While thus employed in the arts of peace, Alfred did not for an instant neglect the military defences of his kingdom, without which, indeed, he would have been like an improvident husbandman, who should carefully cultivate his land, but leave it unhedged and unprotected. One of his most efficient measures for this purpose, was the building of a new kind of galleys, which "were twice as long, twice as high, sailed more quickly, and were less unsteady than those of the Danes; some of these ships had sixty oars, some more." In addition to these naval improvements, his genius, which seemed to adapt itself alike to all arts, suggested a complete revolution in the existing state of military tactics, both in the field and in fortifications. He was, however, feebly seconded by his people; they had not yet arrived at that degree of practical wisdom which teaches men to endure a present pain for the sake of a future benefit, and could with difficulty be brought to make preparations against dangers which were still remote from them.
Had Alfred done no more than what has been already mentioned, he would have deserved the lasting gratitude of his countrymen. But, in addition to all this, his services as a legislator must be taken into the account. If we judge of the system established by him, with reference to the age in which, and for which, it was produced, we shall find that in this respect also, the great Alfred stands without a rival. He had no help from the accumulated wisdom of ages; his enactments were to a great extent the result of his own mind and genius; or, at least, we may say of him, that he was the most original of legislators.
Peace had lasted for what in those days must be held a very considerable period. But now the storm burst forth again as violently as ever. In the year 893 a famine visited the coast of France, and of so sweeping a kind, that the Danes, who had settled there under Hastings, determined to relieve themselves by a piratical attack upon Kent. Having landed without opposition, for Hastings had taken the English by surprise, he formed two encampments, the one at Appledore, the other at Milton, only twenty miles apart; there they were joined by many of their countrymen, who poured in from the north and east, notwithstanding their oaths, and that they had given hostages for their good conduct to the king of Wessex. Incredible as it may now seem, the invaders were allowed for a whole year to retain possession of the land thus acquired, without any attempt being made to dislodge them. The chroniclers of the time, however, tell us that this delay was occasioned by the necessity of providing against the faithlessness of their brethren, who, although they had not yet revolted, were hardly to be trusted without some farther security for their loyal adherence to the pledges already given. Having taken the necessary measures, Alfred then attacked Hastings, compelled him to sue for peace, and next turned his arms against a body of these pirates who had established themselves at Farnham. With them, too, he was no less successful; but while he was thus occupied, the East-Anglian and Northumbrian Danes seized the opportunity of revolt, and sailed in two fleets for the coast of Devonshire. These also he defeated, though even then it required no less than three years to drive these new invaders from the country.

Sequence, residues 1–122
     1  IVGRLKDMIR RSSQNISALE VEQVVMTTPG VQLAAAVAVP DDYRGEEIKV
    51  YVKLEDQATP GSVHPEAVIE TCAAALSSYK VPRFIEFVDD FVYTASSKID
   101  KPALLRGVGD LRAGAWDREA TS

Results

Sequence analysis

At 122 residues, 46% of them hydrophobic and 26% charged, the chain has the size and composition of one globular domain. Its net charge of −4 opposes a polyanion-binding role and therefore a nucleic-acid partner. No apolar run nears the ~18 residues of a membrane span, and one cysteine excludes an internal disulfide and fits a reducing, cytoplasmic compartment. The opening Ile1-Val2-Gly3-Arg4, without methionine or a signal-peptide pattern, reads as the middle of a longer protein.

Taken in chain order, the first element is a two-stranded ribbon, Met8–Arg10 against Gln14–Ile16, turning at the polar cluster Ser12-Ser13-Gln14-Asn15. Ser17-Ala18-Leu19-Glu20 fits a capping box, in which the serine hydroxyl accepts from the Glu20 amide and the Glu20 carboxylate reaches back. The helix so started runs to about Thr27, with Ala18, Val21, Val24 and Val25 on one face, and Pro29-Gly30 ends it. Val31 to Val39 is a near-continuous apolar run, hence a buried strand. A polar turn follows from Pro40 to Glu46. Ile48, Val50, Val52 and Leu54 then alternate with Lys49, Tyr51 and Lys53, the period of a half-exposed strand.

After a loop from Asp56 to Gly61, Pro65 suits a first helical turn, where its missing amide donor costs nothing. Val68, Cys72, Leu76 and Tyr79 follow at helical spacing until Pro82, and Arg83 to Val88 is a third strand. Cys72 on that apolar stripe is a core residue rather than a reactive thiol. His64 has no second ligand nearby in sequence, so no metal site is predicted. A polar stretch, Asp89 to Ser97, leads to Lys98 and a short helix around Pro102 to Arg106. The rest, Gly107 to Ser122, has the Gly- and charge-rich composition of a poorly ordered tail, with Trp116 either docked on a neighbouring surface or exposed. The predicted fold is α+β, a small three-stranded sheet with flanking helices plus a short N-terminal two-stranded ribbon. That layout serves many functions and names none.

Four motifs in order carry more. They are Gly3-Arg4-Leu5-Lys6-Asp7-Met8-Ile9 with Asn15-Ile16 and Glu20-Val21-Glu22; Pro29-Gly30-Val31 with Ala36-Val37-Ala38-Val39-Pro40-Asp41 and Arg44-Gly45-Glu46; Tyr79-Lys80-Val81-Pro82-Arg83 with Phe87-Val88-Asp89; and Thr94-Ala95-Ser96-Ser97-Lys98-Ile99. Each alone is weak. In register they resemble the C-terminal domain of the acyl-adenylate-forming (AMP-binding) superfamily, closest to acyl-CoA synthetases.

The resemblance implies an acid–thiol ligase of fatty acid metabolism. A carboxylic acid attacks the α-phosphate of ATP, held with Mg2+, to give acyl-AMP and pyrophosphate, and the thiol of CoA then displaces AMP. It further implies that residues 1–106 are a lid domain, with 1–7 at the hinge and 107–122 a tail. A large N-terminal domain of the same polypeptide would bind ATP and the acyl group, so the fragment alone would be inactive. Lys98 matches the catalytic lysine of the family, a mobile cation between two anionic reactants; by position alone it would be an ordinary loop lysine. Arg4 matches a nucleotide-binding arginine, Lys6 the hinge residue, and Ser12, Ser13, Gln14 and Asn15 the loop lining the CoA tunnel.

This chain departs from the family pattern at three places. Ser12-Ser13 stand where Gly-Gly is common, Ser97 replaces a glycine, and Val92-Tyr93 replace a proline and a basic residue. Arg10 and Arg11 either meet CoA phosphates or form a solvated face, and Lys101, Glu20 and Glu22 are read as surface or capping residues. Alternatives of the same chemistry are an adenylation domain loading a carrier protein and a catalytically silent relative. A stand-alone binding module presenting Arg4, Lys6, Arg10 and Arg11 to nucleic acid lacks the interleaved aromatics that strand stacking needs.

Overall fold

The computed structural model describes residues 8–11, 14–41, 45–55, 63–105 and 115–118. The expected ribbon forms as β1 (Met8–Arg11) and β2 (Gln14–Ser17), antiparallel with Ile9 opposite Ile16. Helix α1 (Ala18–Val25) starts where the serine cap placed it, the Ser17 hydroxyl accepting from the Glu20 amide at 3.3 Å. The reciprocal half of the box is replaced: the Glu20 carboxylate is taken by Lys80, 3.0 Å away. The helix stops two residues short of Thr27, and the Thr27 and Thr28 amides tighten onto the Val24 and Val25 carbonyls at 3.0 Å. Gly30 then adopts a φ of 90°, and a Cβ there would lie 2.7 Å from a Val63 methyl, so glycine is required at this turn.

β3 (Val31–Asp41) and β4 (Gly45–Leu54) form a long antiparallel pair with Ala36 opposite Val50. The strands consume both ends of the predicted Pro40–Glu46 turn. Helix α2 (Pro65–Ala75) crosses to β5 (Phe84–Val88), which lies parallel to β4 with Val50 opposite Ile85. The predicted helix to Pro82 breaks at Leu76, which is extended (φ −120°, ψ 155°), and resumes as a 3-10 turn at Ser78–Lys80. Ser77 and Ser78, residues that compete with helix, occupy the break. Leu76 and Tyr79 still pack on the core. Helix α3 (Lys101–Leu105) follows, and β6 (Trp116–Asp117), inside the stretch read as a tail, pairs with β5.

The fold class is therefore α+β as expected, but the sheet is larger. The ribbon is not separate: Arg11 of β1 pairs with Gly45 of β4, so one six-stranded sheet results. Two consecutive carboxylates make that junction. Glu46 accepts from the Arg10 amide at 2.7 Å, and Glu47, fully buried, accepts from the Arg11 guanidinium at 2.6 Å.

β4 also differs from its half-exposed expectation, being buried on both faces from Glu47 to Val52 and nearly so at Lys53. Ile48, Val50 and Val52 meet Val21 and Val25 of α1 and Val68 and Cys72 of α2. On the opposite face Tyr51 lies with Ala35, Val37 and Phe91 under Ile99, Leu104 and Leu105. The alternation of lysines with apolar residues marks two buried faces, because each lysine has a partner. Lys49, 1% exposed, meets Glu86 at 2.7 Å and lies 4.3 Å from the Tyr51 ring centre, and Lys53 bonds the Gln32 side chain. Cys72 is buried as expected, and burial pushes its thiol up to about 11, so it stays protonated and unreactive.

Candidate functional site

And now, in the year 901, having fulfilled his earthly mission as the defender and civilizer of his people, the great and good King Alfred expired, on October 26th, six days before the Mass of All Saints--not less beloved by his contemporaries than admired by after-ages.